“What I like to tell myself, and it sounds crazy, is that his heart was just too big for his little body.”
This was one of the many praises Kirksville citizen Derick Garr had to say about his good friend, Matt.
Garr says back in the early 2000s he was working at KTVO and had just come out as gay when Null, who at the time was majoring in communication and media studies at Truman State University, reached out to him online asking if he wanted to talk and hang out.
Garr says Null was an active and proud member of the LGBTQ community who gave him the confidence he needed to fully embrace who he was.
Garr says Null also served as a mentor for him throughout his early years as a young adult.
“When you were friends with Matt it was like you were always sitting at the cool table,” Garr says. “Being a person from here that doesn’t go to Truman, he made sure I was involved in everything that had to do with Truman that I could be involved with. He wanted to make sure I was there for National Coming Out Day. He wanted to make sure I was there for all the Prism dances. He would see somebody and want to care so much for them and include them in everything. He, without even trying, made you feel special.”
Garr says even though Null’s career took him across the country to Minnesota, Ohio, California, Florida and eventually New York, he still kept in close contact with many of his Truman and Kirksville friends. Garr says Null always made an effort to check in with them while still making new friends and impacting the lives of new people everywhere he went.
“You could talk to Matt and instead of trying to fix you, he just wanted to listen and see what your story was and what you had going on,” Garr says. “I feel fortunate because Matt was such a good friend of mine, and I feel bad because I wish there were more Matts out there. It didn’t matter who you were. You were included. You were one of his friends. He was proud of who he was and he wanted you to be proud of who you were. He wanted to make sure that you knew it was going to be okay. That’s what I needed. That’s what a lot of people needed.”
Garr says the last time he talked to Null, Null told him about his plans to go on a trip to Europe. Garr says the death still feels surreal, and he is still waiting to hear how the trip went.
Garr says the little things, like the way Null would hug his loved ones, showed just how much he cared for them.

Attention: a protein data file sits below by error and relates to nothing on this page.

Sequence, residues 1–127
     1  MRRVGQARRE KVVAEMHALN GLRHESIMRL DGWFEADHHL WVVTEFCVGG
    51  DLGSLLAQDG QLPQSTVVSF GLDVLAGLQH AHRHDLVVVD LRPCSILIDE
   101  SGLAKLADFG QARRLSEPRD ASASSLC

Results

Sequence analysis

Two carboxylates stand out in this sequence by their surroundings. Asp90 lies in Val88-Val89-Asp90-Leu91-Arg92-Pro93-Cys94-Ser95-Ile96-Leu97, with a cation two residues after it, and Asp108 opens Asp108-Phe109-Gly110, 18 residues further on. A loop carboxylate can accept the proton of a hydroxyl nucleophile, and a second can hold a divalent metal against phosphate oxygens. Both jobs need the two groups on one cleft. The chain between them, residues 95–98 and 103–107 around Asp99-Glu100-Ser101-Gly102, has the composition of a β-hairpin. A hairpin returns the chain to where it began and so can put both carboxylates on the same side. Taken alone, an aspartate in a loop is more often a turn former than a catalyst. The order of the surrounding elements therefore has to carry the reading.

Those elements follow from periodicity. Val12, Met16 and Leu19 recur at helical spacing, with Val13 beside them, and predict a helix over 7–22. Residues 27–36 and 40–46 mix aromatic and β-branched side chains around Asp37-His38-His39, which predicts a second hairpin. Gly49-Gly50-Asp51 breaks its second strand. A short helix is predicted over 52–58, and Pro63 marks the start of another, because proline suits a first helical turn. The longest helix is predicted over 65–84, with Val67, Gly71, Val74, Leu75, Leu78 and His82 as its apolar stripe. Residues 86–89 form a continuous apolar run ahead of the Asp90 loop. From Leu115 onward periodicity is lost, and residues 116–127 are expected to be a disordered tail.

“When Matt hugged you it wasn’t the casual, put your arms around you and pat your back,” Garr says. “He would almost lift you up and hug you because that’s just the kind of person he was. You were family when you were with Matt. It’s rough knowing he only had 34 years, but the redeeming factor in all of that is how many people he touched. If I can take that in turn and help even one person feel comfortable — feel more confident — then I’ll know that Matt’s life wasn’t in vain.”
In addition to creating strong bonds with others, Null was part of a monumental movement in the communication department and Truman Media Network, according to Elizabeth Clark, Dean of Social and Cultural Studies, and the former Communication Department Chair when Null attended Truman.
Clark says while she worked in the communication department she was the adviser for Truman’s TV station, which Null was a field reporter for, and she also had him in one of her classes.
“He was typically in good spirits,” Clark says. “He was somebody who liked to joke. He was quick to smile. My sense was that he was the person in the class who others could rely on. Not necessarily the person who was out front, but if they needed help from someone, if they needed support from someone, Matt was a person they could rely on to pitch in.”
Clark says Null was involved with TMN during 2004 and was one of the students who traveled to St. Louis to get live coverage of the elections that year, which was the first time TMN had ever gotten coverage of elections or created converged media over multiple platforms.
“He came through in a group of students who were all very hard workers,” Clark says. “They were exposed to the kind of experience they had not had before, they rose to the occasion, did meaningful work and they focused on some pretty hard hitting issues in terms of the elections, so I think he was characteristic of that very good group of students he came through with.”
Clark says Null was a strong part of TMN’s roots and helped make TMN what it is today.
“It is always rewarding for me to see the kind of work that our students do when they leave here and to see what kinds of impact they’re able to make on the world because of their involvement in the media and bringing important information to the public,” Clark says. “Knowing how well he was doing, knowing he was on an upward trajectory in his career, what I have regrets about is not being able to see where he would have been able to go beyond where he already is.”
In addition to what Null gave to his loved ones and his school, Null’s mother and sister are setting up a charity in his name that is going to raise money for PAWS NYC, a charity that helps disabled and other vulnerable pet owners care for their pets, like the way Null cared for his Shiba Inu, Glitter. His family is also raising money for The Ali Forney Center, which advocates for New York’s homeless gay youth, according to youcaring.com.
Christine Romans, CNN Morning Show Anchor, says on the show that Null was a rising star at CNN.
“When terrible things happen around the world, he is the one who brings it to you with calm and fairness,” Romans says. “He is someone who really made a difference in the world through his job.”
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